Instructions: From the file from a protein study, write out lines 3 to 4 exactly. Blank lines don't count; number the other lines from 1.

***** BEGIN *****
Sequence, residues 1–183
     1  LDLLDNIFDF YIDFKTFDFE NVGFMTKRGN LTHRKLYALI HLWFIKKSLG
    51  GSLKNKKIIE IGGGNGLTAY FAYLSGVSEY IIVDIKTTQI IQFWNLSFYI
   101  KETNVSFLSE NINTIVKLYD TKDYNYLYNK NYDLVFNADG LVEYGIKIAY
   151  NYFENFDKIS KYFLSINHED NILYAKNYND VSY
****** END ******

    51  GSLKNKKIIE IGGGNGLTAY FAYLSGVSEY IIVDIKTTQI IQFWNLSFYI
   101  KETNVSFLSE NINTIVKLYD TKDYNYLYNK NYDLVFNADG LVEYGIKIAY